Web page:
He says the government had an attorney and three agents working the Millis case, "and must have spent $20,000 or $30,000.

"Now they charge the second guy, Walt Staton, and they up the ante on it. They don't charge him with littering; they charge him with 'knowingly littering.' That means the potential penalty for him is a year in jail. A prosecutor, the agents that have to come in, empanelling a jury—all this stuff to prosecute a guy for putting out water in the desert for migrants."

Wyn Hornbuckle is a spokesman for the U.S. Attorney for Arizona. He says it's impossible to calculate the costs of convicting Staton. "But as for the merits of this particular case, having a unanimous jury verdict speaks for itself."

Here's what it says: Heads-up, all you potential litterers!

Confrontation has taken a different tact in California. Friendship Park is a venerated border meeting ground where binational friends and family have long shared chats or picnics through the fence, in the San Diego area. At least that's how it was until February, when Border Patrol agents sealed off the park for construction of a secondary border wall.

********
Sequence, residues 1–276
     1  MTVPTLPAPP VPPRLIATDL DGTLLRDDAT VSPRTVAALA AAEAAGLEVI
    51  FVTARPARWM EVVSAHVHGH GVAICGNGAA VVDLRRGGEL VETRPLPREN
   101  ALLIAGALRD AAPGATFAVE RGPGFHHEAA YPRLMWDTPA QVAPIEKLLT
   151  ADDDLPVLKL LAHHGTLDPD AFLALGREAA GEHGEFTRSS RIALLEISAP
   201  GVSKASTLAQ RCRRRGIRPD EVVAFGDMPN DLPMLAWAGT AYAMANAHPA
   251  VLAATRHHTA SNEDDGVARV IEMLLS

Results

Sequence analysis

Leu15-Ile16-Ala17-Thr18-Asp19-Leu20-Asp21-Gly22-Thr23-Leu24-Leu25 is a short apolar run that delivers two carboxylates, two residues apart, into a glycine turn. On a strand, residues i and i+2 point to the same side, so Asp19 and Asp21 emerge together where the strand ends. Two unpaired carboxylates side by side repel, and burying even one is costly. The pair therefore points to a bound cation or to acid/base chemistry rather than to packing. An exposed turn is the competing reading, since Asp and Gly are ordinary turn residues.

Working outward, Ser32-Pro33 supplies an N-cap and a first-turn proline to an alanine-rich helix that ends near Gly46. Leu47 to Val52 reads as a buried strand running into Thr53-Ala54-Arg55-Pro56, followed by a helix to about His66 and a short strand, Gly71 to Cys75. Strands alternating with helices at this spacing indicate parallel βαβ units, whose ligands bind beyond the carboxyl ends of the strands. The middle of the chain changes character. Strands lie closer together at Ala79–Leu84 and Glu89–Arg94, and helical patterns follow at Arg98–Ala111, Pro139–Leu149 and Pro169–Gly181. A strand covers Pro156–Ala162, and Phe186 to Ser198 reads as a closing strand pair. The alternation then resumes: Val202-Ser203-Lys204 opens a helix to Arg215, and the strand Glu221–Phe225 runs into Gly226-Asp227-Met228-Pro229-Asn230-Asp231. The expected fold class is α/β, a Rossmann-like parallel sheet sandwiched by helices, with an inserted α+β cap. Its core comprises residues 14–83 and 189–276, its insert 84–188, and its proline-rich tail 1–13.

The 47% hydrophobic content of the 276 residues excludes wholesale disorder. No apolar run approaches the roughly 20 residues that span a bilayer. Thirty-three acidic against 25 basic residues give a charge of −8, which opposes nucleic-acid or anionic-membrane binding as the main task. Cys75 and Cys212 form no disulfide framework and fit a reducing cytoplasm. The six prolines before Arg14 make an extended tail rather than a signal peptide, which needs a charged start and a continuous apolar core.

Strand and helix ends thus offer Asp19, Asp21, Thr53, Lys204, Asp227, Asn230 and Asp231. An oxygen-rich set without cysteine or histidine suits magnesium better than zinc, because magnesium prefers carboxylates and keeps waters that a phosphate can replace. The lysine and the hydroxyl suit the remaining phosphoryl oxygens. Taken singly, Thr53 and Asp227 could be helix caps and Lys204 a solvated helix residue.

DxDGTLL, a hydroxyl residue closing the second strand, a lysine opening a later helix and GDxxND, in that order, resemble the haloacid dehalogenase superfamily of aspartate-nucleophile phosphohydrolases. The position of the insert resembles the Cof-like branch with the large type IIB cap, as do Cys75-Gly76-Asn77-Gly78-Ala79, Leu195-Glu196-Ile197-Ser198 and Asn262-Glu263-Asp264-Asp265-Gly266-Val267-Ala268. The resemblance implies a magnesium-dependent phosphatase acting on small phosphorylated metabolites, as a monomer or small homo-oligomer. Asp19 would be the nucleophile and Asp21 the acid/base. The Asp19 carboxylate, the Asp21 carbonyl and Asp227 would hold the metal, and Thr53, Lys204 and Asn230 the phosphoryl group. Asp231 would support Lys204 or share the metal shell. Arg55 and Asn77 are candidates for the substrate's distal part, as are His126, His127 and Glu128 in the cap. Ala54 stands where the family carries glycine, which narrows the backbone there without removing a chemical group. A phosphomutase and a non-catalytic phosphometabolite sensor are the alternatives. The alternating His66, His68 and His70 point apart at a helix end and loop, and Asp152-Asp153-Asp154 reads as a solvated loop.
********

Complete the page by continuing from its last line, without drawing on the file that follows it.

The closure prompted a protest by more than 100 park fans, who strode right into a barricade of Border Patrol vehicles. The scent of violence was heavy—and before it cleared, a Methodist minister named John Fanestil had been detained. During the protest, he led an ecumenical service, complete with a choir.

Fanestil says Border Patrol officers unnecessarily ratcheted up tensions during that bitter standoff. "They're claiming the land between those two walls as their 'theater of operations,'" he says, "and using the same tactics they've been trained to use on people entering the United States illegally from Mexico. But all of a sudden, they aren't facing south; they're facing north, and their tactics are really beyond the pale for dealing with nonviolent activists."

He recalls one female agent who threatened to spray a protester in the face—although the man was on crutches. "She told him to go ahead (and try to reach the park), because she was a pretty good shot."